Only “interested parties,” meaning individuals or entities 1) who are beneficiaries of the will that was admitted to probate (and this includes creditors who may file a claim against the probate estate) or, 2) who would have inherited from the decedent if the will that has been admitted to probate is found to be invalid or unenforceable.
With some exceptions, a challenge to a will must be filed within six months of the appointment of a personal representative (the same as the executor) in the probate matter.
Yes, it is easier for a disgruntled party to challenge the validity of a will than for such a person to challenge a trust. Also, probate is a public forum whereas trust administration is more private.
Not necessarily. In Maryland and the District of Columbia, probate is relatively inexpensive and efficient. And in Virginia, the matters are typically handled by the Personal Representative/Executor (and not the attorney) at least at the initial stages of probate.
If you do not have a will, then the state “creates” a will for you because of the laws of intestacy. So, in my opinion, everyone who has any assets that will be distributed through probate should have a will. See my discussions of Washington D.C. Intestate Succession Laws and Maryland Intestate Succession Laws, which address how assets are distributed in your jurisdiction if you don’t have a Will. It’s not the way you probably imagine it will be!
First, the person seeking to be appointed guardian needs to hire and pay an attorney. Second, the judicial process requires that numerous individuals and agencies are sent certified letters with copies of the pleadings. Third, the court appoints an attorney to represent the prospective ward, and the fees to this attorney are paid from the prospective ward’s assets. Next, the court almost always orders a hearing at which both the attorney for the guardian and the attorney for the prospective ward must appear. Finally, the guardian must file annual accountings each year and that process, which is burdensome to say the least, may involve accountants and attorneys in the reviewing of the documentation. One must seek to avoid guardianship if at all possible!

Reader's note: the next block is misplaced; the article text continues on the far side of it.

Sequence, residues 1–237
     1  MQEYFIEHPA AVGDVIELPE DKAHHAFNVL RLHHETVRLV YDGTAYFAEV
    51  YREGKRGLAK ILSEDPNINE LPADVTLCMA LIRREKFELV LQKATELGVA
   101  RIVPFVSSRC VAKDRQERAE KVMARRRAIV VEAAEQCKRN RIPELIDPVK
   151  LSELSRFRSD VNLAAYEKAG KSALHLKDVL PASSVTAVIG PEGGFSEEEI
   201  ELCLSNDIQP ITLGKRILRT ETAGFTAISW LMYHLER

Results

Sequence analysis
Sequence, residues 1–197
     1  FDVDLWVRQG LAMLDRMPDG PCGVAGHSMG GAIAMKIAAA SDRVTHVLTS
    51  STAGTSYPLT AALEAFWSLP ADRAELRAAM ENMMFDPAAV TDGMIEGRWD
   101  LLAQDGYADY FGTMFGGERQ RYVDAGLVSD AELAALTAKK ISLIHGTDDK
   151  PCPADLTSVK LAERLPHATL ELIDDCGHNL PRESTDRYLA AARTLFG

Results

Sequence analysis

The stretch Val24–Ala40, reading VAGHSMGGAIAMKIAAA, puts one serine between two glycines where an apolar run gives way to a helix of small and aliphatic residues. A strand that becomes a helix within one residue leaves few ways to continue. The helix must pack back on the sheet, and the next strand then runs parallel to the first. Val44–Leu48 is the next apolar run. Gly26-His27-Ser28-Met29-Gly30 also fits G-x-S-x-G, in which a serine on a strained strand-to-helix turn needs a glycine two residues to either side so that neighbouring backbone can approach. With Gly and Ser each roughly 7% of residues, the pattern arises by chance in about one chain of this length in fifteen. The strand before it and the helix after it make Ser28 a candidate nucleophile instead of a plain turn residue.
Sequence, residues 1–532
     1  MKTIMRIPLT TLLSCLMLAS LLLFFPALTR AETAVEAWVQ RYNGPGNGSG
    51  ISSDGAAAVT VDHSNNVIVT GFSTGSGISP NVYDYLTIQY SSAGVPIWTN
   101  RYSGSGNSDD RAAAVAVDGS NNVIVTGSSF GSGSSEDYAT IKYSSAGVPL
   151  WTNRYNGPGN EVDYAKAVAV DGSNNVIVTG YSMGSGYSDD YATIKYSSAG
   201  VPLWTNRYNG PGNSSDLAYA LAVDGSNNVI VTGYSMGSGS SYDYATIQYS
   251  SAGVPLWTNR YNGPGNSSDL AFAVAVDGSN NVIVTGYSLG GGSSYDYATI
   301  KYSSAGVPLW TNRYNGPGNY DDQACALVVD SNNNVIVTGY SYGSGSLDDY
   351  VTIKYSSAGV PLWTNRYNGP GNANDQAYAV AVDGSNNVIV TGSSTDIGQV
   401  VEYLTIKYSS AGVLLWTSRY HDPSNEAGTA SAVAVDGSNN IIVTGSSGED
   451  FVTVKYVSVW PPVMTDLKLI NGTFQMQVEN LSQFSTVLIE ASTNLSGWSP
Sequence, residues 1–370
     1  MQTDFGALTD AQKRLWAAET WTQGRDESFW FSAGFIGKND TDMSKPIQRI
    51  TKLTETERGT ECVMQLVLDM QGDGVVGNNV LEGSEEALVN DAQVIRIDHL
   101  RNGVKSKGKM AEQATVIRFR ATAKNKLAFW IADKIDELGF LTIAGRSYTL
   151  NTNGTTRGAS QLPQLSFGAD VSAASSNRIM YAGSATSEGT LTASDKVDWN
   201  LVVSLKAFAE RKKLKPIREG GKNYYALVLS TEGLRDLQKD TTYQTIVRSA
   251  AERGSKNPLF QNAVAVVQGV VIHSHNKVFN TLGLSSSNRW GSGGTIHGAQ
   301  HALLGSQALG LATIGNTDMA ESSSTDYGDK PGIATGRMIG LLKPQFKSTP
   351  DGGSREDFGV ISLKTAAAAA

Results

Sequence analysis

Yes, at least with respect to your financial affairs and assets are owned by / have been transferred to the trust. If you are elderly, it often makes sense to create a revocable trust and have title to your assets in your name as trustee of the trust. This assists in the management of your assets if you become too ill to handle the assets yourself. This also avoids the need for a guardianship through the court and avoids the necessity of your successor trustee filing any reports with a court. The cost and time savings are enormous. But it’s important that asset ownership be in the trust, a task that is relatively easy to accomplish.
Unfortunately, with the new Medicaid rules, individuals may be without any financial resources whatsoever and still not be eligible for Medicaid. Many elder lawyers are working with the legislature to fix this situation.